Francis Chads (Chadsey, as the name was often written, or Chads, as he appears to have signed himself in 1688), doubtless came from Wiltshire, England, and settled in Chichester in 1684.  The name of his first wife is believed to have been Hester, but it is not known that she left children.  In 1695 he married Grace, dau of Francis Stanfield, of Marple, and probably settled soon after on the Brandywine, at the ford which bears the family name.  There he built a mill, perhaps in 1707, as there was difficulty between him and is neighbors at that time, presumably about the dam or water-right.  The mill was there in 1710, but it appears in after years to have gone down and the site was forgotten.  When the foundations of the present mill were dug some timber were found which were pronounced to be a part of the old structure.]

Francis Chads died ca 1713, and his widow married 701601714 Gayen Stevenson.  Their children were Sarah m 2-12-1714, Mordecai Cloud; John; Grace, m Thomas Clayton, 1724; Betty, m William Pyle; Ann m ___ Peterson; Francis, who died young or unmarried.]

John Chads married 8-2-1729, Elizabeth, dau of Isaac and Catharine Richardson, of Whiteland, and probably built the old stone house at the north end of the village of Chads' Ford.  IN 1736 he established a ferry on the creek, and brought in a bill of 30 to the commissioners in the following year for building a "fflatt or Schowe".  From the items in this and later bills it appears that a large cable-rope was stretched across the creek, and a windlass used to pull the boat back and forth.  In 1760, just before his death, John Chads brought in a bill for rebuilding the boat and among other items charges ''for wood to burn ye old boat, and ye trouble of ditto,  1 .  He died in the 10mo 1760 and left no children, but divided his property among his relatives, of whom Joseph Davis, who married his niece Hannah Cloud, appears to have been the favorite.  He was licensed to keep a tavern in connection with the ferry in Sept. 1736, and continued in the business a few years, but in 1746, he was succeeded by his brother-in-law, James House, and thogh he continued to own the property he did not keep the tavern.  Amos Harvey followed House in 1752, and Henry Hayes came next, in 1757.]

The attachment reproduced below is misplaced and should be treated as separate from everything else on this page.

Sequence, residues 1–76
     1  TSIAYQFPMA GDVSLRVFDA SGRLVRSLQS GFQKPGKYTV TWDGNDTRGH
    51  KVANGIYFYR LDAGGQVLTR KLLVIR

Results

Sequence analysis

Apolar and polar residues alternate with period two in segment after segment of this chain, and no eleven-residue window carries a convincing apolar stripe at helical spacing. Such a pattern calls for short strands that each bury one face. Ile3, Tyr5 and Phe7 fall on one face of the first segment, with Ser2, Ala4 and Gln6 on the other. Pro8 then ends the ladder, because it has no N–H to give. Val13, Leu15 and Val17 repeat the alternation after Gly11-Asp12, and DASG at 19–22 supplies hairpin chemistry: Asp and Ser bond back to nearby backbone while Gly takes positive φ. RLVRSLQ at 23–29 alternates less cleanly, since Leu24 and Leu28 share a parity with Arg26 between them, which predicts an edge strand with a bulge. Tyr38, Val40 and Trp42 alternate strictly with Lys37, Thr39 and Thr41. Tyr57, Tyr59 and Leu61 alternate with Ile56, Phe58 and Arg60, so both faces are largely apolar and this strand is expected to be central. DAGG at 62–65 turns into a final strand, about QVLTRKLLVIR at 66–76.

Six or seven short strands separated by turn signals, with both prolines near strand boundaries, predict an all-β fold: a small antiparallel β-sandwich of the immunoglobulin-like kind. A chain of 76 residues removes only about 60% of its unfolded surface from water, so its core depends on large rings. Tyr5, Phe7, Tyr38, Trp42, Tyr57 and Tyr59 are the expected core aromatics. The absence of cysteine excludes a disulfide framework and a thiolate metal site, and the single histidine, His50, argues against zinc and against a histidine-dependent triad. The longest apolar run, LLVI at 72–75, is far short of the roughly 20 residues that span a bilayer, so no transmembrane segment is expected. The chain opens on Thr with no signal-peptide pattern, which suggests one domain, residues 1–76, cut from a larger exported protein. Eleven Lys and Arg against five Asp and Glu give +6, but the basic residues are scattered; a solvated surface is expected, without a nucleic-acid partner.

His widow continued to reside in the old stone house, to which were attached 40 acres of land separate from the tavern, and at the time of the Revolution her nephew, Amos house, lived with her and farmed the land.  She died ca 1791.

The name is generally and incorrectly written Chadds, but the signature of John Chads shows the latter spelling to be correct.